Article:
By Simone Kerwin
IN his final children’s book, The Min Pins, master storyteller Roald Dahl encouraged readers to “watch with glittering eyes the whole world around you, for the greatest secrets are always hidden in the most unlikely places”.
Although they lived a world and a generation apart, this line always makes me think the great Mr Dahl would have got along famously with my parents.
By example, Mum and Dad have shown their brood of nine children and eight grandchildren – and plenty of others besides – that, while it’s wonderful to imagine worlds full of wizards, fairies and unicorns, your own environment is positively teeming with stories just as amazing.
Most Saturday afternoons when I was young, Mum would welcome her own mum for a cuppa and chat.
In the tradition of storytelling that has been central to human life since time immemorial, these two women passed on tales from their own lives and those in whose footsteps they trod, which were pure magic to me, a youngster with an ear for stories.
The snippets I collected around the kitchen table are ones I’ve always remembered, and repeated to my own kids, because as they were for me, they are part of their history, and vital to their sense of place in the world.
With eight children to transport and amuse, Mum often found herself parked in front of shopping centres with a carload of kids, while one of the ‘big ones’ went inside, perhaps to pick up some groceries or a video.
She turned what could have been mind-numbing stretches of waiting into storytime, encouraging us to conjure the back stories of the people walking past us, imagining what they were doing and what they might be saying.
Talk about watching with glittering eyes the whole world around you!
Dad’s storytelling skills would often emerge on Saturday nights as we sat around after tea and shared a block of chocolate.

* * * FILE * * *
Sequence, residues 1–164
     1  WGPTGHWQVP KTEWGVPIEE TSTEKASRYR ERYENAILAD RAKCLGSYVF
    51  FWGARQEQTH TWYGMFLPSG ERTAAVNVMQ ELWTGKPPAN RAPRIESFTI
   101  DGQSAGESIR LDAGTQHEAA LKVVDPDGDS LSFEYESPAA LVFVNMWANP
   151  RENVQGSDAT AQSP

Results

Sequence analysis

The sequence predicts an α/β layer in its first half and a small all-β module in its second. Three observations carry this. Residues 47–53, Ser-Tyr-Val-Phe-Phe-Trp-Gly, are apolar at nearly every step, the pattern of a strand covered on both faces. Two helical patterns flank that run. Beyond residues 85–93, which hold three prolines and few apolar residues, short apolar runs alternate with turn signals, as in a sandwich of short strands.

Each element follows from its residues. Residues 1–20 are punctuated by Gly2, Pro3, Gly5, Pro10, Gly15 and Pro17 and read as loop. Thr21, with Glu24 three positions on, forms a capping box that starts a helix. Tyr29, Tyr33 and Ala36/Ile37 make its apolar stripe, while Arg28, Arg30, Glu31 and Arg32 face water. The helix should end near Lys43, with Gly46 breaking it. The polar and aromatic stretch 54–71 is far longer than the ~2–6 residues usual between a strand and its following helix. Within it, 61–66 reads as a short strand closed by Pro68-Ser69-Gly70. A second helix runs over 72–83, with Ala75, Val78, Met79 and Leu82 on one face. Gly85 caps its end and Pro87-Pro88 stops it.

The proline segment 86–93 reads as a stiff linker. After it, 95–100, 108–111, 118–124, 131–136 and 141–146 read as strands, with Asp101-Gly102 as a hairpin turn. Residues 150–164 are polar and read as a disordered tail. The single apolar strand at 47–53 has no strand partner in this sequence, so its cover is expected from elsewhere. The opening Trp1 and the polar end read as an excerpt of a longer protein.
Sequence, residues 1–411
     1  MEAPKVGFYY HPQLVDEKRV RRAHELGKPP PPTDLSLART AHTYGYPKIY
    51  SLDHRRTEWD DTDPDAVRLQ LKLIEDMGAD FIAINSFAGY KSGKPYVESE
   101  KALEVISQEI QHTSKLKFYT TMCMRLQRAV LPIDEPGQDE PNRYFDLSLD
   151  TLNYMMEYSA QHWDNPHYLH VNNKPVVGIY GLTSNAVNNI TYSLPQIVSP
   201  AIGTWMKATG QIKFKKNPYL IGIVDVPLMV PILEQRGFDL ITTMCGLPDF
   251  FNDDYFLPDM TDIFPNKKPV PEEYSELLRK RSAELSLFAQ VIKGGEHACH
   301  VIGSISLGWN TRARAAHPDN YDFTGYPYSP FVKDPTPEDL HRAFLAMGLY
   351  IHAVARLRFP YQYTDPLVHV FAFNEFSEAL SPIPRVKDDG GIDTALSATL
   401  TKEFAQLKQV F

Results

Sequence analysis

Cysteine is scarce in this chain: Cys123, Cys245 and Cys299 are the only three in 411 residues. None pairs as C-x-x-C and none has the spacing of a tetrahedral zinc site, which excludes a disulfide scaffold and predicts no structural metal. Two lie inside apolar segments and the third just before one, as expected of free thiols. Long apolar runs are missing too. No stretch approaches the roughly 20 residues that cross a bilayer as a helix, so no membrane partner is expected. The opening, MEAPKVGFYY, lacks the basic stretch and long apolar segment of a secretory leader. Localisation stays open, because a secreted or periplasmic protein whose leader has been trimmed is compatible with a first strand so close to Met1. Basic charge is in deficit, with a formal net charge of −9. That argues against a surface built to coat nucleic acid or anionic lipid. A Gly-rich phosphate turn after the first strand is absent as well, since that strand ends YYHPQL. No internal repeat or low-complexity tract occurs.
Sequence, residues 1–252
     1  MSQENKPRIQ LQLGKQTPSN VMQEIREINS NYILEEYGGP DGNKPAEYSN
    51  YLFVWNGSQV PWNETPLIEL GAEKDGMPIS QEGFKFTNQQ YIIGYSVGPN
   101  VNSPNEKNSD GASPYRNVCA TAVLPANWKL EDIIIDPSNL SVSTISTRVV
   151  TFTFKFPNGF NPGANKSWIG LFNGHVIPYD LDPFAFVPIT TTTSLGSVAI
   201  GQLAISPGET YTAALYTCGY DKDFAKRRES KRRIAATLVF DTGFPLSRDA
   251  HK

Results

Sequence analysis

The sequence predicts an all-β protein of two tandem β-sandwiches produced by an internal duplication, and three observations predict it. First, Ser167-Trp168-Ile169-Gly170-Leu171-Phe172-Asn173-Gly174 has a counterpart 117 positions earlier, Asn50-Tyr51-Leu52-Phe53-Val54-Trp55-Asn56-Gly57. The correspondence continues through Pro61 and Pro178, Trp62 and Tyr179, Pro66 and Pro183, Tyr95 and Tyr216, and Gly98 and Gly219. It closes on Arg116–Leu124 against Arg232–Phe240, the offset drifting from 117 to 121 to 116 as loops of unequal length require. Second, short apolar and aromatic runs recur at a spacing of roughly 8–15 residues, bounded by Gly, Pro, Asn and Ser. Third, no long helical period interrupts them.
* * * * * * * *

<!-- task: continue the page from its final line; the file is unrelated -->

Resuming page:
He’d spin yarns which had just enough realism to leave us wondering whether they were true or not, about growing up with five brothers, about playing footy up north, and about the characters he had encountered around footy and cricket clubs, and in life.
His ability to paint a picture with words so you feel you have been there is, in my view, unparalleled.
Dad’s understanding of how those scenes made himself and others feel illustrates the very essence of storytelling – that it helps us experience life through a different lens, thus creating the kind of empathy we need to operate as good, caring people.
His stories prove the magic of the everyday, and that “the greatest secrets are always hidden in the most unlikely places”.
The stories I’ve collected from Mum and Dad (and my own experiences) over the years flash back to me as I go about life in the town where we were all raised.
And the people in them become flesh and blood characters my kids love to hear about as much as those they read about in their favourite books.
“See that lady walking ahead of us?” I might ask. “She’s a champion
“That bloke taking bike ed at school? He’s probably worth listening to – he rode in the Olympics and won a Commonwealth Games gold medal.”
“Who’s that man I just said hello to? He’s one of the best footballers country Victoria has ever seen.”
“That white-haired lady in the back seat at Mass? She helped deliver a lot of Wangaratta babies.”
“That fella ambling across the road? He was a key figure in St Kilda’s only premiership.”
“And that lady over there in the navy and white? She was my teacher in prep, grade one and grade two!”
These are story-hungry kids, as most are, who have also relished learning about their Dad’s sporting career, delight in asking him questions, and along the way have enjoyed meeting and knowing people from his story with names like Knackers, Psycho, Whale, Old Man, Pumpkin Head and Chimpy.
They devour the newspaper I help produce, which is further developing the stories of their lives and fleshing out new characters from their own era. They certainly watch with glittering eyes the whole world around them, and remind me to do the same.
Last week before basketball, for instance, my nine year old was perusing a plaque on the wall at the YMCA stadium.
I watched his thoughtful face, wondering what was crossing his mind, then waited as he bounced over and said: “A guy has his name on that sign over there, and has an oval named after him outside”.
I told him he had met that man before his passing, and shook hands with him, and the man had said, “Pleased to meet you, young man. I knew your great grandfathers, I know your grandfather, and now I know you.”
“Wow, so I knew him?” he marvelled, amazed again at his connection to characters in his city’s story.
If he was still alive, Roald Dahl would have turned 100 in September. I think he would be absolutely delighted that some of his final words are still so oft-quoted, and ring so true.
That quote from The Min Pins ends “…for those who don’t believe in magic will never find it”.
Always look for the magic in the everyday. I promise it’s there; sometimes it takes some searching, but it’s always there. That’s one of the greatest life lessons I’ll take from my Mum and Dad….and Mr Dahl.